Have you ever gotten into a situation where you needed an adult only to look around and realize you were the adult?
When it all boils down, we are the ones that have to take responsibility for our own lives, actions, and thoughts. It is easy to forget the fundamentals. We tend to do or say things that make it easier in the short term or to avoid being in trouble.
Perhaps it started at a young age when you didn’t want to get yelled at or sent to your room for something you did. Or in school when you didn’t do your homework to play video games instead. The next day you found yourself rehearsing what you would tell your teacher when it came time to turn in that Chemistry assignment.
This article will show you methods and ideas to take responsibility for your own actions and get a stranglehold on your life and career. You can stop looking around for an adult and be the adult. Here’s how.
Blame and Excuses
Two of the biggest caveats we face is placing blame and making excuses. Everyone has done it. We point fingers to get the attention off of us and put it on someone else. Perhaps it is done so that we can shy away and hide in the shadows, or maybe we somehow know that the one we point a finger to can handle it.
Placing blame is one of the worst things you can do when something goes wrong. Especially if it is your fault. You have to remember that no one is perfect, mistakes and errors will happen. It doesn’t matter what career you have; something is going to go wrong.
We aren’t judged by our perfectionism. Instead, we are evaluated by how we handle every situation, good and bad. When you stop placing blame, be it on another person or a machine, or something else, you start to take responsibility.
This alone isn't enough, but it is a start. You don’t have to apologize, but you should admit when you are defeated. The key to success here is learning from what happened. If it was a good situation, think about how you can make it better. If it was a bad situation, think about how you can prevent a repeat in the future.
Turn the bad into good and the good into great, and it won’t matter if you fail from time to time.
The same goes for making excuses. Just like the Chemistry homework, in your career, there may be things you do (or don’t do) that will cause you to want to jump to an excuse.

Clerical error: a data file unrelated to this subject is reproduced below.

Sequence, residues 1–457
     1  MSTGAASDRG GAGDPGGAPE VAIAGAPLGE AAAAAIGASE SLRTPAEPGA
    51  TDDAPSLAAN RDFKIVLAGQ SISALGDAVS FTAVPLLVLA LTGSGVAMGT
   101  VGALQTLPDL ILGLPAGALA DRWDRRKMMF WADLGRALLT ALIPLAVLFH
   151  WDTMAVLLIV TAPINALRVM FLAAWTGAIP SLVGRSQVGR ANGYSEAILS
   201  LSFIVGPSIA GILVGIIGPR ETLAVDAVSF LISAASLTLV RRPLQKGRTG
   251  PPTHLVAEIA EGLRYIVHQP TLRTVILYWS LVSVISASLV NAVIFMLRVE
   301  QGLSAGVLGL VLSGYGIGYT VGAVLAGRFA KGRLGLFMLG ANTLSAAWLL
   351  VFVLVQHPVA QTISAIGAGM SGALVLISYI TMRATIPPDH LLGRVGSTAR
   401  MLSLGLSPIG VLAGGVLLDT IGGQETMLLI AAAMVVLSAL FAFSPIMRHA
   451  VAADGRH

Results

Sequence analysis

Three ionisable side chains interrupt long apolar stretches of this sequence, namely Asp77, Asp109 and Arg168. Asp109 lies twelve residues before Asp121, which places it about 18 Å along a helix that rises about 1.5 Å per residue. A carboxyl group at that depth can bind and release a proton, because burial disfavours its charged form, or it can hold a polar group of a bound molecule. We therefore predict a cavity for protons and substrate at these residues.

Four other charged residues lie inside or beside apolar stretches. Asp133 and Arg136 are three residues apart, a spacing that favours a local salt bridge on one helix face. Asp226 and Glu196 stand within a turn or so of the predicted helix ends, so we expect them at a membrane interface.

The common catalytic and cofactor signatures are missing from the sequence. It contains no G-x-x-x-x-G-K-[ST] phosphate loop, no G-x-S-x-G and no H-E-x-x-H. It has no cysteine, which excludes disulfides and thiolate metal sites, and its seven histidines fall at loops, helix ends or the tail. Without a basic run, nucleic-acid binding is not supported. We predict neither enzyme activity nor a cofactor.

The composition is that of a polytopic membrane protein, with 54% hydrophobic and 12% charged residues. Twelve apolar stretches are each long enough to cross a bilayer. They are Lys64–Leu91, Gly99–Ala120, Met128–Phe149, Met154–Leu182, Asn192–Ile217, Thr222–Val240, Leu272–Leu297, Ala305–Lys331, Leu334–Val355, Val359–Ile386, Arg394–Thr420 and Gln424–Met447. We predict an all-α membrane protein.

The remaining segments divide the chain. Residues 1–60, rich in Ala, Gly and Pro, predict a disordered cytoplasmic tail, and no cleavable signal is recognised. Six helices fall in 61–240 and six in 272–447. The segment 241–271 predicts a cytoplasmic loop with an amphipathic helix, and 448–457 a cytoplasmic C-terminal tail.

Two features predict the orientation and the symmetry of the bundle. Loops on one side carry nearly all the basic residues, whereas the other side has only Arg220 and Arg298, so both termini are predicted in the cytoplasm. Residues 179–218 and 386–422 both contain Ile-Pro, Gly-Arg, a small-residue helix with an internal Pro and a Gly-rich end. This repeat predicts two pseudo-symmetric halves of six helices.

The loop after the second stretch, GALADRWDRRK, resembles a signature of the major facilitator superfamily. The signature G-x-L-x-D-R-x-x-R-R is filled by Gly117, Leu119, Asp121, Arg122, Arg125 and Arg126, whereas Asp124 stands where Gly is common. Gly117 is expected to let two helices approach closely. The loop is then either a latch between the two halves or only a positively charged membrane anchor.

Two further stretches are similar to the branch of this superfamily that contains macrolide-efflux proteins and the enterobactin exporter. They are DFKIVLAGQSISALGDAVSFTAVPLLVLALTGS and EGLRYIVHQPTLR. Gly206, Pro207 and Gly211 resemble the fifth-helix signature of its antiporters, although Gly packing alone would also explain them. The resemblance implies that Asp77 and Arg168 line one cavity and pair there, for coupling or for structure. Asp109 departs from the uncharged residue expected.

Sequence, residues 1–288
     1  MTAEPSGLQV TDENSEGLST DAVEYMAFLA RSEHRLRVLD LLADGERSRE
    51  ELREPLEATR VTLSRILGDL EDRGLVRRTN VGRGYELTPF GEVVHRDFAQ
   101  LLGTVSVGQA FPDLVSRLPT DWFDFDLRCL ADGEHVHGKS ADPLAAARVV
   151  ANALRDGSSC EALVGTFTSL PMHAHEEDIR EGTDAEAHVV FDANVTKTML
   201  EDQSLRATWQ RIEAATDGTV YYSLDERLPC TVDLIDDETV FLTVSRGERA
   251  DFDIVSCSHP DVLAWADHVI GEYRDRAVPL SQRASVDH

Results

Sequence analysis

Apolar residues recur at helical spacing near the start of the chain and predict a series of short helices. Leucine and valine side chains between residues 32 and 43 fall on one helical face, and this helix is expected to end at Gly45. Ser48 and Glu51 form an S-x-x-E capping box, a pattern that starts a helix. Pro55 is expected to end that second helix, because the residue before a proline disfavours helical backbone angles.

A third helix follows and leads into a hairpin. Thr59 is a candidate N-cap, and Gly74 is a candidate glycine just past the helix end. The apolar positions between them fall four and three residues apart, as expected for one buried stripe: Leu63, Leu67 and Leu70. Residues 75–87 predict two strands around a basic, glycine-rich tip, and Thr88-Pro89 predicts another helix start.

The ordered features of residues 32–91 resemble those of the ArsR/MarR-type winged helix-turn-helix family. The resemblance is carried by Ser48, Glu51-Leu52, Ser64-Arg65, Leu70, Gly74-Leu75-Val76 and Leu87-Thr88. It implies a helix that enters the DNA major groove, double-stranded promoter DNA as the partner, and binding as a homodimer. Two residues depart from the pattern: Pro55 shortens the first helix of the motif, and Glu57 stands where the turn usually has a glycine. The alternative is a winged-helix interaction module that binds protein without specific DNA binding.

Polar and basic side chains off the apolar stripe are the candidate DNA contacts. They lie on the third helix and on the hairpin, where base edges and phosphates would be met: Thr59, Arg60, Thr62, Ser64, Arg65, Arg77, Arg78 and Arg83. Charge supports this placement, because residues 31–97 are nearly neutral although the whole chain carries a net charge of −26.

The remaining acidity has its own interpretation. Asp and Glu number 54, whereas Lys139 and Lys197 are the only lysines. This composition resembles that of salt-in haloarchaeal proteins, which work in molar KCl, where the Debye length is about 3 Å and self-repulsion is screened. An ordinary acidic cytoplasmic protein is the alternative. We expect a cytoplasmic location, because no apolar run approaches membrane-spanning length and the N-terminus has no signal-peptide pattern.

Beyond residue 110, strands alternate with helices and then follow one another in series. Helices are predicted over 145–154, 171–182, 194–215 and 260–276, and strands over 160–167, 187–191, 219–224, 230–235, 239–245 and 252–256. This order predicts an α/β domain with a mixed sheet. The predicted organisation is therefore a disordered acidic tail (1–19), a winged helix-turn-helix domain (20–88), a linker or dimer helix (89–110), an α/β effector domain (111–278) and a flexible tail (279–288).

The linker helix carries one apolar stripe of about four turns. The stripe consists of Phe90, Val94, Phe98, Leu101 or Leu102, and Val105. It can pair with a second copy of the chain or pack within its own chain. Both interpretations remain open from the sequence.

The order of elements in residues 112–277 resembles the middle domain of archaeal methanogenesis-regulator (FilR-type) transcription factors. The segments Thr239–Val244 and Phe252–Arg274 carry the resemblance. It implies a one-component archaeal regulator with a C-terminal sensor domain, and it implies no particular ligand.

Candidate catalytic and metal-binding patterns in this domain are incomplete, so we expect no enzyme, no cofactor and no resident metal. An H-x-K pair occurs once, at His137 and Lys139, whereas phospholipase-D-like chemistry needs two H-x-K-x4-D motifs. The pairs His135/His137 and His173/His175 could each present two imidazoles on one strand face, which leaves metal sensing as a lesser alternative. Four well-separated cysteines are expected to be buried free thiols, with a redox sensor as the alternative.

No manager, boss or higher-level employee will want to hear that your car had a flat or that the tool broke and you couldn’t find a new one.
Instead of making excuses, make opportunities. Things are going to happen. You will get a flat tire; you will break a tool. Whatever your job is, there will be something that goes wrong. The key is to admit the failure (without blame) accept that you could have or will do something about it or to prevent it from happening again, and then take action.
As the old saying goes, actions speak louder than words. Don’t make an excuse. No one will listen, you will lose credibility and begin to doubt yourself. Instead, find an opportunity to make the situation better. Ask for help if you need to. Never be ashamed of not knowing how to do something.
Take the opportunity to discuss with others the problem, issue or bad happenstance and work together to come up with solutions. If something isn’t working, don’t complain about it, figure out a way to fix it.
Take responsibility and let go of excuses and blame.
Goals will give you a leg up in both your personal life and career. There should be three stages of goals that you set, and each one is important.
Before you create your goals, you need to determine what the goals will be for. If you are making personal goals for your life, then you should be able to sit down and truly evaluate where you currently are versus where you want to be.
Likewise, if you are setting goals for your career, you should focus on your current position to where you want to be in the future.